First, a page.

touch -f ~/Library/Caches/org.scalameta.metals/lsp.trace.json # text editor
touch -f ~/Library/Caches/org.scalameta.metals/bsp.trace.json # build server
touch ~/Library/Caches/org.scalameta.metals/dap-server.trace.json # debug adapter
touch ~/Library/Caches/org.scalameta.metals/dap-client.trace.json # debug adapter
# Linux
touch ~/.cache/metals/lsp.trace.json # text editor
touch ~/.cache/metals/bsp.trace.json # build server
touch ~/.cache/metals/dap-server.trace.json # debug adapter
touch ~/.cache/metals/dap-client.trace.json # debug adapter
# Windows
type nul > %LOCALAPPDATA%/scalameta/metals/cache/lsp.trace.json # text editor
type nul > %LOCALAPPDATA%/scalameta/metals/cache/bsp.trace.json # build server
type nul > %LOCALAPPDATA%/scalameta/metals/cache/dap-server.trace.json # debug adapter
type nul > %LOCALAPPDATA%/scalameta/metals/cache/dap-client.trace.json # debug adapter

Next when you start Metals, watch the logs with tail -f.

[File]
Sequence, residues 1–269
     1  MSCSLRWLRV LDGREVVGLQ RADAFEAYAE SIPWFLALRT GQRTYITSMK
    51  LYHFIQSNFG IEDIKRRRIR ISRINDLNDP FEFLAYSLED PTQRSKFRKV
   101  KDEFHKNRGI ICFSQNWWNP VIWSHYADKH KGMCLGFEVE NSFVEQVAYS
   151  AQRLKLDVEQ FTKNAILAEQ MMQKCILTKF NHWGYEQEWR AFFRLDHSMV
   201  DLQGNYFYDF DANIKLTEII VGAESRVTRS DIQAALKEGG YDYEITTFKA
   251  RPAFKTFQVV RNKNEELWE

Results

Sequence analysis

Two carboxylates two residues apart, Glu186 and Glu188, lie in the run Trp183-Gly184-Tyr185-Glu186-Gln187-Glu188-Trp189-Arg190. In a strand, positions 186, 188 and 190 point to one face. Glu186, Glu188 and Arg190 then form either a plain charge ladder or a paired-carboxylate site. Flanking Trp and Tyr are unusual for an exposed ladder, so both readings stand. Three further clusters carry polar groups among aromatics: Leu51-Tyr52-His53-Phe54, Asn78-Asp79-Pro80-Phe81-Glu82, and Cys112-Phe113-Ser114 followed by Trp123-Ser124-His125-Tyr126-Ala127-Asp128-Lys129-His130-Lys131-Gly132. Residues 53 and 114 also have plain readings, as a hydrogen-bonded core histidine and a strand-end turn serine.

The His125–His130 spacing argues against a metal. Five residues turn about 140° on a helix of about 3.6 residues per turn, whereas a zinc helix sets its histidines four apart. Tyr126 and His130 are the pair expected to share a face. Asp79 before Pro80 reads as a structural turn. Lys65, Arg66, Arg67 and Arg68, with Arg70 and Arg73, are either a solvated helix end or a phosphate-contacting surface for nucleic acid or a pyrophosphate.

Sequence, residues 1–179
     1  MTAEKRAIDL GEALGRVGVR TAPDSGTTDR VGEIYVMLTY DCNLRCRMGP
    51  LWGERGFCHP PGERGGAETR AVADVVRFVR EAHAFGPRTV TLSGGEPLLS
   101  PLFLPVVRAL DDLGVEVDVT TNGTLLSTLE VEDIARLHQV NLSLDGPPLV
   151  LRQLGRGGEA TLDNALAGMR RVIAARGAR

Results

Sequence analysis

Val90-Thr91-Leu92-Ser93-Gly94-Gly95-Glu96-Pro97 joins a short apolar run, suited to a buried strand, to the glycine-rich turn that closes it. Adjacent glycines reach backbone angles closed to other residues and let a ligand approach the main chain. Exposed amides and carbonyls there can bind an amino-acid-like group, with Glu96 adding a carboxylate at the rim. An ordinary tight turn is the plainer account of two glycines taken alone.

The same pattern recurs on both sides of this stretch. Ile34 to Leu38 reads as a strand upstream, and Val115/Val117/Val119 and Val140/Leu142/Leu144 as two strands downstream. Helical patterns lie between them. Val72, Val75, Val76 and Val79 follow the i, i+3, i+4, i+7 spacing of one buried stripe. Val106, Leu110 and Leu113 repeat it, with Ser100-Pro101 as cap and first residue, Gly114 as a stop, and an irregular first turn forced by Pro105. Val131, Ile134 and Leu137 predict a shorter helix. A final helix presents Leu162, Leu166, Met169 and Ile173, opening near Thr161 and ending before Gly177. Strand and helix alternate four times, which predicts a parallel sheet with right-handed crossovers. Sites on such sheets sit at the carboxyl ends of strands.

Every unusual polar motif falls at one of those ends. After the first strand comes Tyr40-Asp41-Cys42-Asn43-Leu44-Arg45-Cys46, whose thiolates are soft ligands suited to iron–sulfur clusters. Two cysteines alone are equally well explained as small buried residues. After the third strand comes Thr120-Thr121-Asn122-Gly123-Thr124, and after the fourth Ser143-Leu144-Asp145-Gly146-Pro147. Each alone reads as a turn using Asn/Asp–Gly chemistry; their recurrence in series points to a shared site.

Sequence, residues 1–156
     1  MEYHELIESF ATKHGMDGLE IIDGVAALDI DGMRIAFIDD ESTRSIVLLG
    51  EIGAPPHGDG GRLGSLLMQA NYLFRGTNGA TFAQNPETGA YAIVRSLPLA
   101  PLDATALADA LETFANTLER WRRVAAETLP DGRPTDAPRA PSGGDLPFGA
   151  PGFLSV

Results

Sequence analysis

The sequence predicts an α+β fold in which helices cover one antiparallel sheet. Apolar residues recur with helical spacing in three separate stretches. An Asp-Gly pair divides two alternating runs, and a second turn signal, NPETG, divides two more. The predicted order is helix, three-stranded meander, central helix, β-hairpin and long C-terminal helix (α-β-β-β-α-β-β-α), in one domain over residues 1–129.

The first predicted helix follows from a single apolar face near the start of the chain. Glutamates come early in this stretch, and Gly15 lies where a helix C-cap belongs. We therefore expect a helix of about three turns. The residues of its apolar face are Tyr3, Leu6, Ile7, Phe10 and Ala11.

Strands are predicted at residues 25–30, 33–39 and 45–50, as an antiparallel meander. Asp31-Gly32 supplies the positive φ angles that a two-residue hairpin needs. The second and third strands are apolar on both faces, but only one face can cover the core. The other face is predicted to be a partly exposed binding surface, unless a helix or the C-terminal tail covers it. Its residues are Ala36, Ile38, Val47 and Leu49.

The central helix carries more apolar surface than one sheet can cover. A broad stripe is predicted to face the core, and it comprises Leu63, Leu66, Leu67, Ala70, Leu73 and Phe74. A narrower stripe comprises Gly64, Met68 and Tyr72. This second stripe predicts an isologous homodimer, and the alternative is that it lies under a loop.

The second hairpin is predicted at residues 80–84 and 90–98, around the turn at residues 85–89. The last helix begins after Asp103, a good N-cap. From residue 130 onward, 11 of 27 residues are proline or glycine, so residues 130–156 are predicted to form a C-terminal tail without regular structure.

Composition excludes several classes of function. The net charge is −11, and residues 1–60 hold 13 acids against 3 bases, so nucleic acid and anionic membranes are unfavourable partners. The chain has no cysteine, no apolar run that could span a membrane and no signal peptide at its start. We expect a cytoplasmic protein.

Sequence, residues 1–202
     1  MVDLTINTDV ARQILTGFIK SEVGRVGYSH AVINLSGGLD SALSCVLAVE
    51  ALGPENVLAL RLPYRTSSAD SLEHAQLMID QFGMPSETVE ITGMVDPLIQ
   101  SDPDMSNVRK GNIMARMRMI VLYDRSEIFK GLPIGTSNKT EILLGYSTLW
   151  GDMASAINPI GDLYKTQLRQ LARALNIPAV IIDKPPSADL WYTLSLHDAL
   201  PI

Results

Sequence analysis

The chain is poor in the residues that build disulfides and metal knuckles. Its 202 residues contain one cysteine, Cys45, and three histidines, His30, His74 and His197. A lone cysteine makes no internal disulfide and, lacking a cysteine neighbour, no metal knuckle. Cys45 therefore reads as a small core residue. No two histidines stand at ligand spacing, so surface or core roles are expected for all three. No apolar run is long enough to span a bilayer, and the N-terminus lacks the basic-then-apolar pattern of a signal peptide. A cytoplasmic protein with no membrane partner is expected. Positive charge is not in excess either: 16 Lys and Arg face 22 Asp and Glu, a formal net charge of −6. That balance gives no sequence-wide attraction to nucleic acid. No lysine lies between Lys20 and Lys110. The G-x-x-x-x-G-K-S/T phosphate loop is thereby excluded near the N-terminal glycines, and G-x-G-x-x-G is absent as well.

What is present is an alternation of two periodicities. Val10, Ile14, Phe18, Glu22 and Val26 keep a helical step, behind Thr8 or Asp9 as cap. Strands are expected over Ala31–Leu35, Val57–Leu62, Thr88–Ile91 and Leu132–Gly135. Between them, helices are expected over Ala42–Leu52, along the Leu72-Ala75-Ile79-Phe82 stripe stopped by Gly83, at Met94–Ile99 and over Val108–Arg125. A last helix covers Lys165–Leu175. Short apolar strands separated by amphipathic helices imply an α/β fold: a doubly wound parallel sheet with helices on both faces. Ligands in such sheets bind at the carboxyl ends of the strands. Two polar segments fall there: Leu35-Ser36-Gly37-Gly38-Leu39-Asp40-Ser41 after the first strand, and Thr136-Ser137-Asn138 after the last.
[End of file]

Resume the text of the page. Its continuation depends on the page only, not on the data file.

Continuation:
# macOS
tail -f ~/Library/Caches/org.scalameta.metals/lsp.trace.json
# Linux
tail -f ~/.cache/metals/lsp.trace.json

The traces are very verbose so it's recommended to delete the files if you are not interested in debugging the JSON communication.

JVM Debugging#

To debug the JVM with the Metals server, add a property to your Server Properties with the usual Java debugging flags, making sure you have the quiet option on. It's important to remember about the flag, as the server uses standard input/output to communicate with the client, and the default output of the debuggee interferes with that.

This property will make your server run in debug mode on port 5005 without waiting for the debugger to connect:


Updating sbt-launcher#

The easiest way to update the sbt-launcher is with the following coursier command:

cp "$(cs fetch org.scala-sbt:sbt-launch:<version>)" sbt-launch.jar

This will allow you to not have to do some of the manual steps with the launcher properties file listed here.